Are we really obsessed with cricket or are we obsessed with being obsessed and is cricket merely a useful outlet for this deeper need? The current hysteria, the outpouring of vituperation that we see all around us when it comes to the performance of the team is by itself not unusual. Fans who give freely take away at will, and if this were merely reflective of our passion for the game, then it would be quite natural. And certainly, the performance of the team has been abject enough to merit the ire that is coming its way. It is not just the losing, some would argue, but the craven manner of the surrender and the absence of even a hope of winning that most fans are responding to. This seems to be a team convinced of its own deep vincibility and works hard to be proved right.
However, the dimensions of our anger and the way we express it are illuminating. Every time the team fares poorly, we start questioning the amount we pay our cricketers. We point fingers at the ads that the cricketers seem more involved in. We start demanding that performance drive payment. Why is money at all important? When we start using money as a measure, we are revealing the implicit deal that we have with our cricketers. In this transaction, we lionise them in return for their making us feel good about ourselves. The game is of little real consequence; victory and defeat have become detached from the game itself and have assumed a distinct life of their own. The money they are paid does not deliver value unless it is deployed in the production of victory. As spectators, we are giving them an advance payment in anticipation of their pleasing us. When they fail, they become contractual defaulters and attract an emotional penalty clause from us.
Everyone then conspires to create a wailing wall of recrimination. The great are dragged through mud; statues in India are nothing but effigies-in-waiting. We revel in this bloodletting; far from ignoring this or underplaying it as we did in earlier times, today defeat is a spectator sport too. Television channels have understood the power of defeat; for it is here that we indulge in some primitive passions as we defile the sacred with barely concealed glee.
That politicians join in is hardly surprising; they have been our patented archetype for a lynch mob. They are the most vocal, most uninhibited and the screechiest when it comes to rabble rousing. They denounce, declaim, filibuster, thunder, boycott and walk out when they are feeling civilised; otherwise they throw chappals and chairs. So for them to lead this hysterical chorus is entirely to be expected.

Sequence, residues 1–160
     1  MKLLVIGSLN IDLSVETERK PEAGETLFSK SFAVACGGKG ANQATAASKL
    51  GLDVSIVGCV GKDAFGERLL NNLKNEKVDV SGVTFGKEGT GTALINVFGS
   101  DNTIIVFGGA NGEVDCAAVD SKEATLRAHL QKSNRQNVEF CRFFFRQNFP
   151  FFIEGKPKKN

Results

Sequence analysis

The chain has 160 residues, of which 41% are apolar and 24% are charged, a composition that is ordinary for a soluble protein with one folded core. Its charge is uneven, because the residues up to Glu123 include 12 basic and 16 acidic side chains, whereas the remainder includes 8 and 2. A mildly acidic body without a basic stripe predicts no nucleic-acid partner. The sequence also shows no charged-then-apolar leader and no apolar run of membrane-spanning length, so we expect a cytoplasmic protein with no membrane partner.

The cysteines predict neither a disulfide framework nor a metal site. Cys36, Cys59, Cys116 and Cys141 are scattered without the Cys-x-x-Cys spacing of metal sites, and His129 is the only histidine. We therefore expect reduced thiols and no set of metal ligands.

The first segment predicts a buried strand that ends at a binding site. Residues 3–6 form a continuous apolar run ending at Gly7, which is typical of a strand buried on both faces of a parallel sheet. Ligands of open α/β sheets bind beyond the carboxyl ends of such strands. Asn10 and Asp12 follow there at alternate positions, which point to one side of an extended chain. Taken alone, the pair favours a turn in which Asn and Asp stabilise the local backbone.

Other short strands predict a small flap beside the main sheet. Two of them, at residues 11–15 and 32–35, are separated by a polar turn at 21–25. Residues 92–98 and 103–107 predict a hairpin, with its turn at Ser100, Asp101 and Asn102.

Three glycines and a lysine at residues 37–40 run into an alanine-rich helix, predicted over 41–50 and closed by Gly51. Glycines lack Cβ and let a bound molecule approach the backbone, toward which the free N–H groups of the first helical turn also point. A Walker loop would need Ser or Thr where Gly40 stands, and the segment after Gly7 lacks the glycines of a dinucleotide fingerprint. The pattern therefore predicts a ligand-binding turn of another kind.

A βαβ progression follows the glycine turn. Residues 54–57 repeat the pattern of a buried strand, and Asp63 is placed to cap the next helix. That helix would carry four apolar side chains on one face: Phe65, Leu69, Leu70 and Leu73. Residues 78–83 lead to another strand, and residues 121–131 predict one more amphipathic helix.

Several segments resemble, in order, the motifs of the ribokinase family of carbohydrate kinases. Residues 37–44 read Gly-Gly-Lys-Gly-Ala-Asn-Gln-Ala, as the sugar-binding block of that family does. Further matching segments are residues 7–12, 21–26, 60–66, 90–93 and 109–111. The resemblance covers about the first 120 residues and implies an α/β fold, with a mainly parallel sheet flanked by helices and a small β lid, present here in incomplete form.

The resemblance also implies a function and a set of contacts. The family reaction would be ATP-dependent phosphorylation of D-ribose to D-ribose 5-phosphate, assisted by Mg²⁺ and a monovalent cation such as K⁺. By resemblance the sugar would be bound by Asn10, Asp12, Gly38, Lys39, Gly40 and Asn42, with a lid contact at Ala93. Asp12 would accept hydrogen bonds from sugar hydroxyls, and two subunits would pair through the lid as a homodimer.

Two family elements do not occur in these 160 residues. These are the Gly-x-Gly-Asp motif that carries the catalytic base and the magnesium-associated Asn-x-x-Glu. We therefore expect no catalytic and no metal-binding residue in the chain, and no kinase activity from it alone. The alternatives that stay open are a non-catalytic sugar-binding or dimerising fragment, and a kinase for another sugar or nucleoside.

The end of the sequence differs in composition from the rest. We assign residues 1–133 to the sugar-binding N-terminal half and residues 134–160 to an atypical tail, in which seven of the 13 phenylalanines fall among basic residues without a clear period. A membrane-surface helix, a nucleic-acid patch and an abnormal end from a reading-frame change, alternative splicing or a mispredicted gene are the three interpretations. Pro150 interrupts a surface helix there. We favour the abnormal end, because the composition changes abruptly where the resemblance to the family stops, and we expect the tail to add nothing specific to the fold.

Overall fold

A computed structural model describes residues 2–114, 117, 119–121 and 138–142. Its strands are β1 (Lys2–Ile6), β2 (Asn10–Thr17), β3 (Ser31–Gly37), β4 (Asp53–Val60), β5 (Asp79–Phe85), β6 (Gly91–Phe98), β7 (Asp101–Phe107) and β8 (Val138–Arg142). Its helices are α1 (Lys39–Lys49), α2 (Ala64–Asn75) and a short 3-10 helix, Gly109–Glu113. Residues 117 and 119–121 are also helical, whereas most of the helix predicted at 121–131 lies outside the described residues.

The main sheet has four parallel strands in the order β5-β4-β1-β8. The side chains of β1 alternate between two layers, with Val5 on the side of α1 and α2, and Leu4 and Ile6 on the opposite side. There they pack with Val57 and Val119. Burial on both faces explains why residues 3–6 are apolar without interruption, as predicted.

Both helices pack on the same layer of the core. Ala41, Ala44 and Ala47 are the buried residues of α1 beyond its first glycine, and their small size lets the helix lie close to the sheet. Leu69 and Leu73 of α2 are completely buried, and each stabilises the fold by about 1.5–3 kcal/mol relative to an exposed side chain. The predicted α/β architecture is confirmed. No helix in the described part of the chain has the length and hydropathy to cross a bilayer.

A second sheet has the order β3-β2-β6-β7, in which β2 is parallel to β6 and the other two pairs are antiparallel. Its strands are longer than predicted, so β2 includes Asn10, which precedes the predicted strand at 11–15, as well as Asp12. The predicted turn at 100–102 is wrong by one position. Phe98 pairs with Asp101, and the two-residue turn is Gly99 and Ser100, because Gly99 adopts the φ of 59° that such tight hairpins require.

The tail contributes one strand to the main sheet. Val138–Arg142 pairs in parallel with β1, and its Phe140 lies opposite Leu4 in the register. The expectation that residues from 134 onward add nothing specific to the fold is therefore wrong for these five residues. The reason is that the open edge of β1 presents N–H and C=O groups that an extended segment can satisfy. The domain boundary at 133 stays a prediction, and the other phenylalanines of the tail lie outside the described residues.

The only thing to remember is that in this case we too are the parliamentarians we usually laugh at and cringe from.
What is truly revealing is our reaction to our victories (yes, those too have known to happen not too long ago). If defeat makes us a lynch mob, victory makes us surgeons who skillfully dissect its viscera with forensic precision to isolate the pathogens. Even here we seek out the defaulters, the match ke mujrim as one TV channel calls them. We are never completely happy; someone has always failed to deliver to the implicit contract we have with them. Performers are separated from the failures and are then excessively feted till they fail.
The implicit worldview demands an absolute atomisation of happiness; we must be gratified not merely by the outcome but by every element in it every single time. We are throwing a perpetual tantrum in which every desire of ours must continue to keep coming true. Not only must we win every time, Sachin must score a century and that too in the dominating style that we expect from him, without slowing down as he nears the magic mark.
It is as if we cannot believe that at a time when everything must turn our way, here we have something in which we have invested so much of our identity turning upon us. We see the cricketers as ingrates, not merely as poor performers. Our reaction to our cricket team is perhaps a harbinger of the anger to come; it is the flip side of the wave of optimism that is sweeping urban middle-class India. It tells us of our coming inability to handle any reversal. Along with a sunny view of the future is a foreboding about the present. Cricket was a vehicle of hope which – when it sometimes delivered – gave us untold joy. Today it is a carrier of panicked expectation and gives us only varying degrees of sorrow.